When it comes to boosting your immune system, Echinacea and thyme are two brilliant herbs that go a long way. I love recommending them to my patients, as well as family and friends, as they have never let me down. As with most of the herbs I support, they have been used since ancient times but are also well researched, making them powerful medicinal tools for modern times.
Echinacea, also known as purple coneflower, is the prime remedy when it comes to help your body fighting both bacterial and viral infections. It is my first choice to boost the immune system in case of the common cold or the flu.
There are several species of this plant but Echinacea angustifolia and Echinacea purpurea are the species most commonly used. The main active constituents of Echinacea are alkylamides, caffeic acid derivatives and polysaccharides, responsible for its anti-microbial, anti-viral and anti-inflammatory properties. In vivo and in vitro research has shown that Echinacea extracts can activate immune cells called macrophages as well as modulate expression of inflammatory molecules called cytokines.
Best way to take Echinacea
The best way to take Echinacea is in the form of tincture (an alcoholic liquid extract) or tablets. Commercial preparations of Echinacea can vary greatly in their quality and concentration therefore I always advise to be well informed before buying if you would like to get the best benefits.
My top tips to identify a good quality Echinacea preparation are:
- Look for options containing either the roots only or the whole plant (whole plant is a mixture of the roots and the aerial parts of the plant), and avoid preparations made only with the aerial parts also referred to as herb or herba
- If buying a tincture, look for the characteristic tingling sensation on the tongue, a sign of high content of alkylamides, one of its main active ingredients
Echinacea should be taken at the first signs of a cold or the flu, and can also be taken preventively during the cold season. Be aware that the prolonged use of Echinacea is not recommended. The World Health Organisation has suggested that short-term use of Echinacea is associated with a good safety profile. There are however a few situations to be taken into consideration. As Echinacea modulates the immune system, it is contraindicated in transplant patients taking immunosuppressant medication and patients with auto-immune diseases. Also, patients with known allergy to plants of the Asteraceae family (also known as the daisy family) should not take Echinacea.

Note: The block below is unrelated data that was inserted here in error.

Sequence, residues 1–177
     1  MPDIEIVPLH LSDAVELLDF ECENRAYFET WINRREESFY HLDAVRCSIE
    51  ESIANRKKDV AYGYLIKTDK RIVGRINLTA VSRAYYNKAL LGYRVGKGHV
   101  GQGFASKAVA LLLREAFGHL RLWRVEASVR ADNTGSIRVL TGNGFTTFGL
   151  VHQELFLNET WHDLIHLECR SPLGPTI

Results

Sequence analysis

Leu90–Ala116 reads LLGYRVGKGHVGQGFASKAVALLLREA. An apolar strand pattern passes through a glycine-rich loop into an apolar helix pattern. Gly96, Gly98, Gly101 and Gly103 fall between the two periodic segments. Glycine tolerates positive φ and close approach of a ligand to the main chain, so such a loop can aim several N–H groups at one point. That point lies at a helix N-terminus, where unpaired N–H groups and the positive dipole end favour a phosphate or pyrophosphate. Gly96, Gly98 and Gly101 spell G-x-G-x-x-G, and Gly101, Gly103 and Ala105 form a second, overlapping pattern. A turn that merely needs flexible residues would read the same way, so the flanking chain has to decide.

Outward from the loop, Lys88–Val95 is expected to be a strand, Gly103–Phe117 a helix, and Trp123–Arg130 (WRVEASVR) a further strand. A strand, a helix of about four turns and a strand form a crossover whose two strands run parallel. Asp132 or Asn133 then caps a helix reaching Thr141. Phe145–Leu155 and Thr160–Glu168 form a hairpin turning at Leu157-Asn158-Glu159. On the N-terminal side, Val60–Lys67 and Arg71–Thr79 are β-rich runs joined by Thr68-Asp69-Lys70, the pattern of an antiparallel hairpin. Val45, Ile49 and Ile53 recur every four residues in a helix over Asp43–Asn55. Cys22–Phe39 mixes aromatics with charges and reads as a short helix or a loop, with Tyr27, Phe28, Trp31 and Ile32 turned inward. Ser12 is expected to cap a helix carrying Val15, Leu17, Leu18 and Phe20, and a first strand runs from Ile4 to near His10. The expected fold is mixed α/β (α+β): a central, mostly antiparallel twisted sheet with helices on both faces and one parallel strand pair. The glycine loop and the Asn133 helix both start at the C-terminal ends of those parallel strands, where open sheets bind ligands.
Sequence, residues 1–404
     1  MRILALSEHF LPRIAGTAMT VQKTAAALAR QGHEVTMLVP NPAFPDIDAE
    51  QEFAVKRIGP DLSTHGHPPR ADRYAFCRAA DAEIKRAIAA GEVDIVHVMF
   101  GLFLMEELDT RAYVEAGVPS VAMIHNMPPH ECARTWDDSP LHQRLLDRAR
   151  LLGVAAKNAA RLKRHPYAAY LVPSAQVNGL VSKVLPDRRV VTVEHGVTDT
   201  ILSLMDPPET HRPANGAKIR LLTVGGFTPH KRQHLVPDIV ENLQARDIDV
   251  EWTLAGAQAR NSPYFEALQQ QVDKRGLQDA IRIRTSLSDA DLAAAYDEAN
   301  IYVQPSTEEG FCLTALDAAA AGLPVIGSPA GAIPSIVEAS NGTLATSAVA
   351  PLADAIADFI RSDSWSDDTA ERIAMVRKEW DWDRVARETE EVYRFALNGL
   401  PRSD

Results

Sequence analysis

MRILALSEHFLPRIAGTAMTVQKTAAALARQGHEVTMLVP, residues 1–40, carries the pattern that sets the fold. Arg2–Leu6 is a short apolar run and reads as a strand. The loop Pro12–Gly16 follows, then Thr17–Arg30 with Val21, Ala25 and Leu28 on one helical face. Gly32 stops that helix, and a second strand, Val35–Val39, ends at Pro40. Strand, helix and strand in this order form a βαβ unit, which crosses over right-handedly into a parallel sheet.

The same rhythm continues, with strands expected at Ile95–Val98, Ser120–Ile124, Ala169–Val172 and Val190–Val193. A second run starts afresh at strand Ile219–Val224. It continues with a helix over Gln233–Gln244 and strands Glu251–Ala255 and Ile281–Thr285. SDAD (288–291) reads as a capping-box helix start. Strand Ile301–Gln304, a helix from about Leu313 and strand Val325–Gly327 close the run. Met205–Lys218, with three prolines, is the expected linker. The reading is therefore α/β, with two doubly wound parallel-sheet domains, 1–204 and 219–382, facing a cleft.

As with most herbal remedies, if you would like to know more about Echinacea and how to take it, it is best to seek advice from a qualified herbalist – book your appointment here.
Thyme (Thymus vulgaris), the common Mediterranean aromatic herb that you can find in your garden, is widely used in the kitchen but it is also used as a remedy for several ailments. It is known for its strong anti-bacterial and anti-microbial properties due to the presence of the volatile oils, thymol and carvacrol, which are also responsible for the beautiful aroma we all know. Other constituents with antioxidant and anti-microbial properties include substances called flavonoids. Thyme is a great aid in fighting infections, particularly those of the respiratory tract system, such as bronchitis and tonsillitis. So, if your cold or flu is giving you that troublesome sore throat or irritable cough, why not combine thyme with Echinacea for a powerful mix?
Best way to take thyme
Thyme can be taken as a tincture, but you can also turn to your garden and reach for a bunch of fresh thyme for a soothing tea. Best results are achieved by infusing fresh thyme leaves (or dry leaves) in boiling water for 15-20 minutes and drinking 2 to 3 times a day. What I like most about thyme is that it is such an effective herb and, at the same time, easy to find and use. Thyme also comes with the extra benefits of supporting digestion and reducing bloating, as well as providing you with important minerals (not something we would think of) such as iron and vitamin K.
I hope you feel now ready and positive to enjoy the cold season to come!
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